The U.S. election is another. Headlines around the election will inevitably influence markets in the short term—after all, markets don’t like uncertainty. However, it is worth noting that in 2016, many market participants anticipated a swift drop in markets in the event of a Trump victory—but the actual response was quite mild, with markets trading down for a very short period and then rallying back. Longer-term, the potential effects of changes to tax policy, corporate policy and foreign policy are less clear.
Related to the election, there is also uncertainty around a U.S. stimulus package. Many market participants anticipated further stimulus in the third quarter, but that didn’t come—and expectations seem to change by the day. This delay contributed to the uptick in volatility toward quarter-end, and could potentially keep markets on edge in the fourth quarter.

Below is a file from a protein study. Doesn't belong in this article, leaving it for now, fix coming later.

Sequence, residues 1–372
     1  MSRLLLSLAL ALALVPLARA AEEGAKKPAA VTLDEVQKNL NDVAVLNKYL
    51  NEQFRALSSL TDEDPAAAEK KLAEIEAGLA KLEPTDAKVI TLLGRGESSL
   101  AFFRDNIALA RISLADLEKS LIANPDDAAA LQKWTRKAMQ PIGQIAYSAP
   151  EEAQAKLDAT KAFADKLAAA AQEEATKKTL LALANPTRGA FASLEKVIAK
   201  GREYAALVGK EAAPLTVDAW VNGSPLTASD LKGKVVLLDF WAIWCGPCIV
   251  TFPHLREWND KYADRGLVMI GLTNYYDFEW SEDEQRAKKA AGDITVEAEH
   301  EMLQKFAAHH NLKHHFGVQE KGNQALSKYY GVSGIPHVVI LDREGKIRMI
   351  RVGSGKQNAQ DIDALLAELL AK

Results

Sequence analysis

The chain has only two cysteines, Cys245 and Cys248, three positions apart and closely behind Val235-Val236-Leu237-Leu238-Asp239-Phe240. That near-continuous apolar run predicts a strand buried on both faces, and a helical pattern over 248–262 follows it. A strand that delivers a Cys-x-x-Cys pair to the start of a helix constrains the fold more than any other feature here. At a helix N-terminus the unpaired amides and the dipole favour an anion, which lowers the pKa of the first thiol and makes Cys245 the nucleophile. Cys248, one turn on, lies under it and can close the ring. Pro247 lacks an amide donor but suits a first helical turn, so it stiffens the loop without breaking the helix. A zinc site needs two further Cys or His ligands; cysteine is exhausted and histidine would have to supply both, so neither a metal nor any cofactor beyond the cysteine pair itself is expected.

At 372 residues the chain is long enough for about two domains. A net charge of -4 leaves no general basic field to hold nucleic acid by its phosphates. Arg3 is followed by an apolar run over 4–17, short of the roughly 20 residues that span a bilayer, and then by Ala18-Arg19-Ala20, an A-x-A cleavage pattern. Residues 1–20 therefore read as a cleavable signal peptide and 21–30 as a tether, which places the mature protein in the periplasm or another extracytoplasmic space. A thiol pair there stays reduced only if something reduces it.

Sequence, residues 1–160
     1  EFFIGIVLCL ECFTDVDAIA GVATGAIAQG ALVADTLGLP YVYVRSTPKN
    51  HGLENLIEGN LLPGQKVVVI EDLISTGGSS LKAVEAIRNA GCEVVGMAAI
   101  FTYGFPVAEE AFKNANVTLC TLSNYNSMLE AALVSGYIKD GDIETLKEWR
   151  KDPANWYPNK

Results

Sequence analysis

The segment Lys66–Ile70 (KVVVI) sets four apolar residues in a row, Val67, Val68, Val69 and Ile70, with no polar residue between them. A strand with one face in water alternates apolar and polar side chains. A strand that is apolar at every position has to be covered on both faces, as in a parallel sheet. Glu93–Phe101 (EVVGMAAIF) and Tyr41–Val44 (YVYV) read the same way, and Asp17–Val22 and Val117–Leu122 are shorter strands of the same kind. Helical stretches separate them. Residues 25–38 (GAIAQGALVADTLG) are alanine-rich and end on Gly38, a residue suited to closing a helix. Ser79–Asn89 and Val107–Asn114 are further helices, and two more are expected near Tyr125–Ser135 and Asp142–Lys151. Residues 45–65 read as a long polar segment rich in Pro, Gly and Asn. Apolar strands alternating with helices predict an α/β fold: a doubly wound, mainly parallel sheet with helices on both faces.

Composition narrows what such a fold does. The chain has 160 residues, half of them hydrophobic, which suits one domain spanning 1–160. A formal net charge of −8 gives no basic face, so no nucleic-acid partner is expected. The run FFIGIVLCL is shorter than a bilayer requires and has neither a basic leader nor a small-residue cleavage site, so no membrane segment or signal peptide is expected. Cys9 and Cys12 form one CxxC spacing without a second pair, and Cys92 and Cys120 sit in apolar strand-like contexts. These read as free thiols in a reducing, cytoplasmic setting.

Monetary policy—particularly around inflation targeting—has also raised questions recently. Following its Jackson Hole Summit in August, the U.S. Federal Reserve announced a new policy shift that targets an average inflation rate of 2%—suggesting inflation will be allowed to move higher for an amount of time. It’s not clear how this will ultimately play out, or whether the monetary largess of the past six months will actually trigger a bout of inflation, but there will certainly be implications for markets going forward.
Up in Quality